The devastation wrought by COVID-19 has been global and devastating. Scientists and doctors around the world are racing to find effective treatments and vaccines to combat this novel coronavirus. Fighting a novel virus requires novel approaches, so scientists and doctors have been experimenting with various treatments—essentially throwing treatment options against the wall to see what sticks.
In order to fast track treatments, the FDA loosened restrictions around the use of an antimalarial drug—hydroxychloroquine—based on some anecdotal promise out of South Korea and other countries. However, as more clinical trials have been conducted with hydroxychloroquine, it appears the drug is not an effective treatment for COVID-19 patients, and, in fact, may increase the mortality rate of COVID-19 patients.
In an effort to come up with more treatment strategies against COVID-19, a group of Israeli researchers at Ichilov Hospital in Tel Aviv are exploring the effectiveness of cannabis as a possible treatment for COVID-19 patients. In particular, the researchers are evaluating whether cannabidiol—commonly referred to as CBD—can slow down the inflammatory process caused by the body’s immune response to COVID-19 to help alleviate the symptoms caused by the disease.
CBD should be familiar to readers, as it seemingly can be found just about everywhere these days. CBD is a cannabinoid found naturally in the cannabis plant, but it is not psychoactive; in other words, it doesn’t get you high. Dr. Barak Cohen, the senior anesthesiologist heading up the research stated that “this is a novel approach to treating some of the symptoms, using a component of the cannabis plant that is considered safe and non-addictive.”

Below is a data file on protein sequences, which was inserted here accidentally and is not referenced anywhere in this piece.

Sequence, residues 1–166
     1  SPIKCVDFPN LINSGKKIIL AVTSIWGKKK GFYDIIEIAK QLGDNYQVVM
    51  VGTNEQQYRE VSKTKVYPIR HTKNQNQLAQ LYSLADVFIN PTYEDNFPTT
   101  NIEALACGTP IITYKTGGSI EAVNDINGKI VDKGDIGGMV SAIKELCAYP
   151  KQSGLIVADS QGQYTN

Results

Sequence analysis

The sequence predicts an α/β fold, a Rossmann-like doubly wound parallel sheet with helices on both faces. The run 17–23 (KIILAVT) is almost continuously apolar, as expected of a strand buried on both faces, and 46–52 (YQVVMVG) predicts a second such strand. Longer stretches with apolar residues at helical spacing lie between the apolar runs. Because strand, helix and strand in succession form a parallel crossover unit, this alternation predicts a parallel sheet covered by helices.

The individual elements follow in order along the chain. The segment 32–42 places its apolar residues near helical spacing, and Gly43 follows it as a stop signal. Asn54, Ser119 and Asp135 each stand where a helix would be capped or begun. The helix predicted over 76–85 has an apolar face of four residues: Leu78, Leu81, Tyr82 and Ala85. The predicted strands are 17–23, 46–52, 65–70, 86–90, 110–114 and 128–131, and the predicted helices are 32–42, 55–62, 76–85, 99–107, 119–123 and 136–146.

In fact, even in the United States where marijuana remains a schedule 1 controlled substance by the federal government, the FDA has approved a pharmaceutical drug with CBD as the main active ingredient. In 2018, the FDA approved the drug Epidiolex—whose primary active ingredient is CBD—to treat two forms of seizure syndromes. There have been numerous peer-reviewed scientific studies that have found that cannabinoids—like CBD—have therapeutic value due to their anti-inflammatory properties. As a result, the proposition of using CBD—an FDA approved pharmaceutical—to treat COVID-19 is about as novel an approach as using another FDA approved pharmaceutical—hydroxychloroquine—to try and combat the virus.
While nobody is claiming cannabis is a “cure-all,” scientists should utilize every tool in their toolkit to try and combat COVID-19. Importantly, this article is not medical advice. You should always consult with your treating physician before taking any substances.
More research still needs to be done on whether cannabis may present an effective treatment option for COVID-19. Unfortunately, there are many challenges that remain in the United States to conduct research with cannabis. Congress, the President, the DEA, and the FDA should act quickly to permit research studies like those being conducted in Israel on the viability of cannabis to treat COVID-19 to proceed during these unprecedented times.
An associate attorney with Grewal Law PLLC in Okemos, Michigan, John Fraser focuses on general litigation, criminal defense, cannabis law, and appellate law. John is also an adjunct professor of law at Western Michigan University Cooley Law School where he teaches a course on Medical Marijuana and the Law.